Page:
When family politics and governmental politics mingle in The Whore’s Son, the result is a little muddy, but touching all the same. Michael Sturminger’s film chronicles the growth of Ozren, a Yugoslavian boy raised in Vienna by his boozing, pro-Tito custodian uncle and his working-girl mom who turns tricks at the brothel upstairs from their small apartment. Ozren learns at a young age what it means to be a whore and, more importantly, what it means to be a whore’s son.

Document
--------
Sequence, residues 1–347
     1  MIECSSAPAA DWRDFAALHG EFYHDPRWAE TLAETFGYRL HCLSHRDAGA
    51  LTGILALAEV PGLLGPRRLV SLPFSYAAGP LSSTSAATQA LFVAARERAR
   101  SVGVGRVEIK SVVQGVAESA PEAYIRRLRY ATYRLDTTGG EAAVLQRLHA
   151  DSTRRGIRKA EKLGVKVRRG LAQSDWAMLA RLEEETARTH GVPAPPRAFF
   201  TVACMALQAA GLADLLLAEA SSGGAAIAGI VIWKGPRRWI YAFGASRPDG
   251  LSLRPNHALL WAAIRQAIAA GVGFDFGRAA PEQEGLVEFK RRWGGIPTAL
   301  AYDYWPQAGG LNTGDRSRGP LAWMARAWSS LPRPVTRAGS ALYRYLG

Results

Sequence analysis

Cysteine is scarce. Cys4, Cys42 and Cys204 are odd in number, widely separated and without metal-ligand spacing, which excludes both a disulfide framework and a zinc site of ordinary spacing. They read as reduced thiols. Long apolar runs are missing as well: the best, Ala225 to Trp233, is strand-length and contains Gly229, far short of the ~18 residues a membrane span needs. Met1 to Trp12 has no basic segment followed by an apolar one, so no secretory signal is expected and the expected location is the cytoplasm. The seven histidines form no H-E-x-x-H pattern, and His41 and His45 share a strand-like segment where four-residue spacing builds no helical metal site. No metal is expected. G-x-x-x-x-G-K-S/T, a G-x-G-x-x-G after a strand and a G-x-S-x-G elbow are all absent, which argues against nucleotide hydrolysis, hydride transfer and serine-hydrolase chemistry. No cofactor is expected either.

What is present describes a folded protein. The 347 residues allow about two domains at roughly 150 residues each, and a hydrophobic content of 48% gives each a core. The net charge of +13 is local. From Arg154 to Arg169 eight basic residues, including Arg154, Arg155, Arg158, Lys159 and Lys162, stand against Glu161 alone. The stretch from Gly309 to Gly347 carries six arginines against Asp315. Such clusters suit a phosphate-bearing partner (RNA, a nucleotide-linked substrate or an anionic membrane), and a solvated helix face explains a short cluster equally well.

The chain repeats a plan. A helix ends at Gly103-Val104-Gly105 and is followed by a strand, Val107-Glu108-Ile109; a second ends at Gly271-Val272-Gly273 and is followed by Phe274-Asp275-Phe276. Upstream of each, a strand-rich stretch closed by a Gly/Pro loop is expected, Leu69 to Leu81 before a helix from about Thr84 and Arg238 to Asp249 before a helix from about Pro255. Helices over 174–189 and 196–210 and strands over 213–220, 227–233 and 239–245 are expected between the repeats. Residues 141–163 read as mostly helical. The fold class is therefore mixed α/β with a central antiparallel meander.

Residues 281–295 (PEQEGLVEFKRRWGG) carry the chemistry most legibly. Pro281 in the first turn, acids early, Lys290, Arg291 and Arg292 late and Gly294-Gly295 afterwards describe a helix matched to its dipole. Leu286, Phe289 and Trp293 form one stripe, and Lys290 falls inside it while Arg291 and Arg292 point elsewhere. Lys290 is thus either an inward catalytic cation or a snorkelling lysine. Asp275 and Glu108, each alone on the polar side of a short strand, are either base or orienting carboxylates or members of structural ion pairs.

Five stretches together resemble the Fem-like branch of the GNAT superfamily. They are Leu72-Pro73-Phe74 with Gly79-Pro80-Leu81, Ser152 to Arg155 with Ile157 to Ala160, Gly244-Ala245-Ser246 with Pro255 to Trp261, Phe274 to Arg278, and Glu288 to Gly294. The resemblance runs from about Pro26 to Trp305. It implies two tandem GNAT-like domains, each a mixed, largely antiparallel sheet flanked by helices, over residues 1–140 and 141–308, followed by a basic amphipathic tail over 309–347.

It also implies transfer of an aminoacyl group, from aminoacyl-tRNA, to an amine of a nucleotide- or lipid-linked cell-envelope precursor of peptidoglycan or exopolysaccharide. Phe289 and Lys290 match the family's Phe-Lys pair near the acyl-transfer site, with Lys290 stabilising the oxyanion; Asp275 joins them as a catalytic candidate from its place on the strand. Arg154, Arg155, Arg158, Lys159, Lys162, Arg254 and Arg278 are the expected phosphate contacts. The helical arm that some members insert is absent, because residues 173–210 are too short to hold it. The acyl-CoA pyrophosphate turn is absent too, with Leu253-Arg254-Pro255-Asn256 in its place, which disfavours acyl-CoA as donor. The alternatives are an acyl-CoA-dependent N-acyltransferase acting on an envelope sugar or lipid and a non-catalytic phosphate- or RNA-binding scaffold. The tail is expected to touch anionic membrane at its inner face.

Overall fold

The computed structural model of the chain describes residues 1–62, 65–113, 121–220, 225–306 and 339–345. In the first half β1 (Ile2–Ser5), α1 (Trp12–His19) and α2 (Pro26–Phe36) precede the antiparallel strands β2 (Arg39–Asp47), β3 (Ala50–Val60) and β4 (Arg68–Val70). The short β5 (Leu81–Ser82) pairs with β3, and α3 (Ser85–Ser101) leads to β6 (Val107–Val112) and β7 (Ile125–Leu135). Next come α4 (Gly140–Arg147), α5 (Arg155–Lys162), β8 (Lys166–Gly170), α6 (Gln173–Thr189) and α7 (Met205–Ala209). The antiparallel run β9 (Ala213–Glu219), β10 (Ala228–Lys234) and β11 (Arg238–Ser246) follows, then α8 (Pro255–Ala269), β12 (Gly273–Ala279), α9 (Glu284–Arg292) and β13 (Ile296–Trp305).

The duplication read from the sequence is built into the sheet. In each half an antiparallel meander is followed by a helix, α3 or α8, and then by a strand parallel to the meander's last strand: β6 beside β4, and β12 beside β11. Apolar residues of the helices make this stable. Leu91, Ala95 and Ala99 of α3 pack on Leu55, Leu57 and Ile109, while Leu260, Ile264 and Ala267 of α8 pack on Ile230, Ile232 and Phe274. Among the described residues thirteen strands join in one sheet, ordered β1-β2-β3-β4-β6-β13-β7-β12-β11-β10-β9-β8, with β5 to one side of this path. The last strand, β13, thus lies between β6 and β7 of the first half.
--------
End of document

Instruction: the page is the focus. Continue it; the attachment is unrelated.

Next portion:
To the movie’s credit, the boy reacts to these revelations with little outward emotion, leaving all his Oedipal confusion, anger, and remorse for us to discover ourselves. The film strays a bit when it gets into the Yugoslavian civil war and the family’s homesickness, all of which feels like an underdeveloped afterthought tacked on for extra significance. As important as those political issues are, they’re trumped here by a boy’s simple love for Mommy.